One of the great talisman for both professional and amateur bike racers and for cycling enthusiasts all over the world is the Madonna del Ghisallo bicycle medallion. The medal incorporates a crank ring, and the Madonna and Child are framed by a bicycle chain. Even Pope Benedict was the recipient of a custom wooden bicycle with a Madonna del Ghisallo badge affixed.
If you are a cyclist or know someone who is, you can purchase a small medal as a reminder of Our Lady’s protection.
Legend – http://saints.sqpn.com/madonna-del-ghisallo/
Museum – http://museodelghisallo.it/
Passo del Ghisallo – Bellagio –
The Climb – http://www.climbbybike.com/climb.asp?Col=Passo%20del%20Ghisallo%20&qryMountainID=2905
See also – Notre Dame des Cyclistes – The chapel of Notre-Dame des Cyclistes is situated in the commune of Labastide-d’Armagnac in Les Landes département in Aquitaine, France. The chapel is all that remains of a 12th-century fortress of the Knights Templar. The Château de Géou was razed by the Black Prince in 1355. It was listed as a monument historique by the French Ministry of Culture on 27 February 1996. – https://en.wikipedia.org/wiki/Notre_Dame_des_Cyclistes
See also – http://forums.catholic.com/showthread.php?t=748190
The (Motor)cyclist’s Prayer [SOURCE: http://www.catholic.org/prayers/prayer.php?p=2115] – O, dear Father, I ask for you to watch over me as I ride from Point A to Point B. Help all other motorists to see me clearly and help me to stay out of their way. Bring me back to my family in one-piece dear God, these things I pray. Amen.
Blessing of a Wagon or other Vehicle [SOURCE: http://www.catholic.org/prayers/prayer.php?p=368] – Be gracious, O Lord God, to our prayers and bless this vehicle with Thy right hand. Send Thy holy angels to accompany it that they may keep from all evils those who ride in it; and as once Thou didst grant faith and grace through Thy deacon Philip to the Ethiopian riding in his chariot and reading the word of God, so now show the way of salvation to Thy servants that, always given to good works, they attain to everlasting joys after the vicissitudes of the journey and of this life. Through Christ our Lord. Amen.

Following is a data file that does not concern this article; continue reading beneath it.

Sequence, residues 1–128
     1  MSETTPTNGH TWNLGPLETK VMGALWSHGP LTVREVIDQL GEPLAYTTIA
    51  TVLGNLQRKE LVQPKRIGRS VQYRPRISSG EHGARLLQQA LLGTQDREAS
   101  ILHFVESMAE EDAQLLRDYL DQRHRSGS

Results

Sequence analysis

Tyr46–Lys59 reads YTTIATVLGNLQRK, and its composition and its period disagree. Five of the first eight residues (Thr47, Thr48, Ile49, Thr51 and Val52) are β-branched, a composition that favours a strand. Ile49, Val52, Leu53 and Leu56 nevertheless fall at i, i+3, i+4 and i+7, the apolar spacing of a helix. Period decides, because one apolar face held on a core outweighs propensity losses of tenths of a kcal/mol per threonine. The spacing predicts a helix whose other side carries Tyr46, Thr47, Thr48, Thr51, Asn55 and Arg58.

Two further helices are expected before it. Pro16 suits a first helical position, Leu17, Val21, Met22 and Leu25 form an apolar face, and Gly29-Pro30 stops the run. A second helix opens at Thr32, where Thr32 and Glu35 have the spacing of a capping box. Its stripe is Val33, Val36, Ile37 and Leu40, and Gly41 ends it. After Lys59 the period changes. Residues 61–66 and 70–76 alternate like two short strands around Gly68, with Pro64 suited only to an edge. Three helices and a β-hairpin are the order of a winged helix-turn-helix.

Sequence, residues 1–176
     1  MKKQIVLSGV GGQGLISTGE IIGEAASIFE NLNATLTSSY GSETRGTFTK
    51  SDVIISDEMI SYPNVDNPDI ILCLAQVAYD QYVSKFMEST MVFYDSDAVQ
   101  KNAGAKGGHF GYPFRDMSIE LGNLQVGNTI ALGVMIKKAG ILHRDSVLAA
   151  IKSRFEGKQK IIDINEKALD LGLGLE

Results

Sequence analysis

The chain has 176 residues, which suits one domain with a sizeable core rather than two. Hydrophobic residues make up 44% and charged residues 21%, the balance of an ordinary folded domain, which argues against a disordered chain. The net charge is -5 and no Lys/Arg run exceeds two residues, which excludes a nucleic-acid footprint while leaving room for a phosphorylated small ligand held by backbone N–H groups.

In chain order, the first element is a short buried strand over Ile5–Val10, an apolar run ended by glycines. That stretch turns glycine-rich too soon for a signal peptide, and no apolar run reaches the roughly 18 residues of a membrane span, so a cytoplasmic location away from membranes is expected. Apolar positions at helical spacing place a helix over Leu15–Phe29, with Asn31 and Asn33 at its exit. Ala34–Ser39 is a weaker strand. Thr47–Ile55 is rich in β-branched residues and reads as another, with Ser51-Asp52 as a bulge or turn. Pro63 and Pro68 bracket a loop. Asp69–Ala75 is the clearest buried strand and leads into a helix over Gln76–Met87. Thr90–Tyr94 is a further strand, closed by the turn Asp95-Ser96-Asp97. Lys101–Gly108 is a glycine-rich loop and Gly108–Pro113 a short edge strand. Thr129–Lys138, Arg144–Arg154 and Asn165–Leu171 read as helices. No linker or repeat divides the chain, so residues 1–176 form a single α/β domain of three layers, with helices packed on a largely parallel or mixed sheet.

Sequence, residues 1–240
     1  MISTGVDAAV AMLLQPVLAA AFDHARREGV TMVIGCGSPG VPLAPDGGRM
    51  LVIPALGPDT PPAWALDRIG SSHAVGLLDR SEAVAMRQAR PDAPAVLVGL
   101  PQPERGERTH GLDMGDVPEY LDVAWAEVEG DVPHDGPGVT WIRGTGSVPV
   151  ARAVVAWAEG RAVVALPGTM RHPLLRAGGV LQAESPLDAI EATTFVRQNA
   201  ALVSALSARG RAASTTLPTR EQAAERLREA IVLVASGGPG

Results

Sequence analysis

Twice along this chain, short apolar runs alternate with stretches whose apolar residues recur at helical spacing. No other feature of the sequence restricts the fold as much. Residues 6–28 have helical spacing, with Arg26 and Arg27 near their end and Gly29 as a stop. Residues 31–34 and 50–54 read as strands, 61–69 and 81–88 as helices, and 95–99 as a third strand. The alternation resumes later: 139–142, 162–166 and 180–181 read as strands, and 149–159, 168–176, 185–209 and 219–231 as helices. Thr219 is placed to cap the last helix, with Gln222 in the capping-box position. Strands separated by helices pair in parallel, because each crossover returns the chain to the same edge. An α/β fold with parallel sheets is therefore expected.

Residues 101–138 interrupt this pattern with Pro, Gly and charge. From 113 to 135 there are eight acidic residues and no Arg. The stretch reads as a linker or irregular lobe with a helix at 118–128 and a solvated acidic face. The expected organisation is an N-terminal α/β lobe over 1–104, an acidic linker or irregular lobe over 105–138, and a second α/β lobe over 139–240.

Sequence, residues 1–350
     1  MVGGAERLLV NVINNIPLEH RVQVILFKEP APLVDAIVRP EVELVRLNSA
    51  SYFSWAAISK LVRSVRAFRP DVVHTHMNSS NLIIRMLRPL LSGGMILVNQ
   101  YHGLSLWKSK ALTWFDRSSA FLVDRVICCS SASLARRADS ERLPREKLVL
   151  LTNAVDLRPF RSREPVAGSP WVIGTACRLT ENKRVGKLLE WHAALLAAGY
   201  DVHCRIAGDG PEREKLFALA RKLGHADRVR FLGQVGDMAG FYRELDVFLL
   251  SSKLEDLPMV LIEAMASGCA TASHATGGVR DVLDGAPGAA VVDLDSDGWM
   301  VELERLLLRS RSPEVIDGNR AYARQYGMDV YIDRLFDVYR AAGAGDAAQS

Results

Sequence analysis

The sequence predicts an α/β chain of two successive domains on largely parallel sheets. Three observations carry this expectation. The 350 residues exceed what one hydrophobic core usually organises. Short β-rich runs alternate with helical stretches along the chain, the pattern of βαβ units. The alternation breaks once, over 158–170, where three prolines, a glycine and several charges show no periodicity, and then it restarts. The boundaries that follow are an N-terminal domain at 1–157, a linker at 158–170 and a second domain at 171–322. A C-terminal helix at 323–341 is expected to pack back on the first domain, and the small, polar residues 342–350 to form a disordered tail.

(Translated by Most Reverend J. H. Schlarman Bishop of Peoria)
Blessing of the Bicycles – Almighty God, maker of heaven and earth, and of all things visible and invisible, we come to you in prayer and thanksgiving. In a world burdened by motorized transportation and consumption, we give you gracious thanks for the wondrous bicycle, on which we enjoy the goodness and beauty of your creation while improving our fitness and health. We ask you to protect the children who ride or who are learning to ride. We ask you to keep all riders, leisure riders to elite athletes, safe from accidents. We ask you to protect all riders from anger and theft. We ask you to give us skill to ride in all sort of conditions, and to help us forgive those who are negligent and mean. We ask you, in thanksgiving for those who build or repair bicycles, that you will guide them to be diligent and competent in their work. Heavenly Father, be with us now and bless us as we dedicate these bicycles and their use to the preservation of lives to your honor and praise. Grant us faith to know your gracious purpose in all things. Give us joy in them and lead us to use all your gifts, including our bikes, with wisdom, compassion, patience and love. We ask this in the name of the Father, and of the Son, and of the Holy Spirit. Amen.
Fr. Michael Gorchov, Rector, Saint Paul’s Episcopal Church, 58 Third St. Troy, NY 12180